Right now sleep is all the rage. It’s a top three research target with a booming multi-billion-dollar industry surging behind it. But while the sleep industry is doing well, our sleep is not (and that’s, of course, why the industry is doing so well). Sleep statistics consistently show that we’re shorting ourselves on this precious bio-commodity—next in importance only to food and water–and the sleep we’re getting is chronically interrupted.
Thankfully, sleep researchers get together every year to exchange their findings and offer solutions, and that just happened last week at SLEEP 2016, the 30th annual meeting of the Associated Professional Sleep Societies in Denver, Colorado. Plenty of interesting findings emerged from the gathering, but I want to focus on two hacks worth trying.
The first is called the “cognitive shuffle,” discussed at the conference by researchers who invented an app called mySleepButton, marketed as an app that “let’s your imagination lull you to sleep.”
When you’re trying to sleep, or when you’ve woken in the middle of the night, your brain’s natural tendency is to zero in on worrying thoughts, which generate more worrying thoughts and keep you from drifting off. The app interrupts this pattern by “shuffling” your cognitive focus with random patterns and images. Without a concern-fueled thought pattern anchoring your insomnia, you eventually give up the struggle and fall asleep.
“A racing mind, worries and uncontrollable thoughts are common bedtime complaints among poor sleepers,” says Luc Beaudoin, an adjunct professor in cognitive science and education at Simon Fraser University , and creator of the mySleepButton app.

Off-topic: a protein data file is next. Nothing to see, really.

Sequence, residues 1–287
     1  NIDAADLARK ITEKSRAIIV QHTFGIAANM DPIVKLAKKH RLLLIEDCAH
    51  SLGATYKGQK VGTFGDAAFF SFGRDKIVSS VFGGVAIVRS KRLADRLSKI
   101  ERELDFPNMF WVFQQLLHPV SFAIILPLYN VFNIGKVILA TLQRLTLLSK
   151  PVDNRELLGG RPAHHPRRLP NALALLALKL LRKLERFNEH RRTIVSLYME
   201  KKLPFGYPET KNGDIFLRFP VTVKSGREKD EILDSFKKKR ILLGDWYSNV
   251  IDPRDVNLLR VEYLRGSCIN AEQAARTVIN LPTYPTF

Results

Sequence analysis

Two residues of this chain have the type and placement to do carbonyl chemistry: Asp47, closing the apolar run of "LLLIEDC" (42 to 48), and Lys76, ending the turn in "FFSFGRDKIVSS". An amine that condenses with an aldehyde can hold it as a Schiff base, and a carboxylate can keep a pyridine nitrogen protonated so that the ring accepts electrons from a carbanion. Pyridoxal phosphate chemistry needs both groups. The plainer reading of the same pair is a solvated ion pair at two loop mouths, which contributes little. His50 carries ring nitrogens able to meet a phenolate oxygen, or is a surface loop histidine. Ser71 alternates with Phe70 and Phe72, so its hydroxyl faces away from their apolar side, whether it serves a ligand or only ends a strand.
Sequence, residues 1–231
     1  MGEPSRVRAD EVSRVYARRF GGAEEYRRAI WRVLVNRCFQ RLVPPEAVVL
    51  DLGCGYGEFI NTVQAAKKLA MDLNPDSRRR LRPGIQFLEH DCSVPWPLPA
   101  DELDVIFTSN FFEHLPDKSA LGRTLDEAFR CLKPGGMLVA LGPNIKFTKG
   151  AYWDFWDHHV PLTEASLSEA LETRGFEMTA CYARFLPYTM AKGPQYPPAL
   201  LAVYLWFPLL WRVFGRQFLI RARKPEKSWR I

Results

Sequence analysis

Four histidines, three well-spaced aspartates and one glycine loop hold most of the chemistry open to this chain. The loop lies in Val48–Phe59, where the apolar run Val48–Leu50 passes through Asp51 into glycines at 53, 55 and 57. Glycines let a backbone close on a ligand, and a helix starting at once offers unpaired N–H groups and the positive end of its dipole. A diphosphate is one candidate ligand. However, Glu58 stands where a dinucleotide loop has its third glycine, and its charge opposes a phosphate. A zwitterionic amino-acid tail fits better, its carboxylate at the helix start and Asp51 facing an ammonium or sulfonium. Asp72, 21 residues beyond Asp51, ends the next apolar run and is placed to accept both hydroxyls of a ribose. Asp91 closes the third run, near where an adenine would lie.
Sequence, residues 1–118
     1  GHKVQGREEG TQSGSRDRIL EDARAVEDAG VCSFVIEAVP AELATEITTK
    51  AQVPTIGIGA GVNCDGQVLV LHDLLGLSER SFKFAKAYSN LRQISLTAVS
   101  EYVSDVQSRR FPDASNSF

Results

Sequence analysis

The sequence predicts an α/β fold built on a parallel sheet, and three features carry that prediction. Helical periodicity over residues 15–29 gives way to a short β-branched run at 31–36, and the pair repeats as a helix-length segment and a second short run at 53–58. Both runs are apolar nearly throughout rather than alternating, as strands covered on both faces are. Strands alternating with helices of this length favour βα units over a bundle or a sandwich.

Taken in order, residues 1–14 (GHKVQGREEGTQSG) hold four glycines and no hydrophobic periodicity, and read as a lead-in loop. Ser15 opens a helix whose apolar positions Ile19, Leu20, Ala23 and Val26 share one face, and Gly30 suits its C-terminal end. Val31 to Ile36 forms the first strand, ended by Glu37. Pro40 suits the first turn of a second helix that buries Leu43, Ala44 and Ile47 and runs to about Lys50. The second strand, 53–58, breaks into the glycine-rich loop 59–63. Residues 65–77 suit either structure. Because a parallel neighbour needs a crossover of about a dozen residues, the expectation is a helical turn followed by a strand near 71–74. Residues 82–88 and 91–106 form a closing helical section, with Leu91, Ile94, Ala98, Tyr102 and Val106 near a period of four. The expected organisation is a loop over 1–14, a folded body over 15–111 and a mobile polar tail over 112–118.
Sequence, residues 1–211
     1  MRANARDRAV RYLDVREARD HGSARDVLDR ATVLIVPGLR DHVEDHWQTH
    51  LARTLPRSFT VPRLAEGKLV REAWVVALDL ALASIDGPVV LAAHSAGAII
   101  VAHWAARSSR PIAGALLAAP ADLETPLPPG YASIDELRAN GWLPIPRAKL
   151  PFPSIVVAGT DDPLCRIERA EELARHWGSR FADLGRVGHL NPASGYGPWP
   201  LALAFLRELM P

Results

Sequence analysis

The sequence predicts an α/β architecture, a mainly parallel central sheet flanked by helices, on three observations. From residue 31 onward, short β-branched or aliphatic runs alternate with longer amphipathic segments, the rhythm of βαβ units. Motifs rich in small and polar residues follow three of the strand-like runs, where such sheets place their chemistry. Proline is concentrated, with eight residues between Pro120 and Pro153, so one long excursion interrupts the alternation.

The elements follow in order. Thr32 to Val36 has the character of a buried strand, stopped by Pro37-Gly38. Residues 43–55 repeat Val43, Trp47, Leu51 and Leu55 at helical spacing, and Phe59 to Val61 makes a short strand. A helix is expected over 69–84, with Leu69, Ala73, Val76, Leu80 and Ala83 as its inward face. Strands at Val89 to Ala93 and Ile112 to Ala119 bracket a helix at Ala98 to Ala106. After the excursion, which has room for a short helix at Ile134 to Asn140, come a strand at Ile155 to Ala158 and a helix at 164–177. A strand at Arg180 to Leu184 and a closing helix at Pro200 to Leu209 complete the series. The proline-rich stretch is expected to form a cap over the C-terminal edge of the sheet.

He and his team tested their method on 154 university students and reported positive results.
It’s possible to self-engage the cognitive shuffle without an app, but don’t expect immediate success.
“The human brain is a meaning maker or a sense-making machine,” says Beaudoin. “It is actually very difficult for people to conjure up random images unaided.” Which is why it doesn’t help to count sheep or use similar pattern-based tactics. According to these researchers, you want to do exactly the opposite–disrupt all patterns and rest in blissful chaos.
The second hack is a little more straightforward, but relies on breaking a tough habit that’s easy to fall into when you aren’t sleeping well. The hack is simply this: Get out of bed.
Not so easy to do, because we naturally spend more time in bed when trying to get more sleep. You might go to bed earlier or get up later, or you might hang out in bed longer on the weekends. But no matter how much extra time we spend on the mattress, say the researchers, we aren’t really improving sleep quantity or quality, and we’re unwittingly worsening insomnia.
According to Dr. Michael Perlis, director of the Penn Behavioral Sleep Medicine Program, who presented the findings: “Those with insomnia typically extend their sleep opportunity. They go to bed early, get out of bed late, and they nap. While this seems a reasonable thing to do, and may well be in the short term, the problem in the longer term is it creates a mismatch between the individual’s current sleep ability and their current sleep opportunity; this fuels insomnia.”
Instead of overcompensating by spending more time in bed, the researchers recommend going with your natural rhythm–go to bed when you’re tired and get up when you wake and can’t quickly fall back to sleep. In the long-term, this strategy results in higher-quality sleep.
So in summary the hacks are: (1) interrupt your brain’s tendency to find worrying patterns when you’re trying to sleep, whether you use a “cognitive shuffle” app or try doing it yourself, and (2) fight the temptation to spend more time in bed than necessary; go to bed when you’re tired, and get up when you’re awake.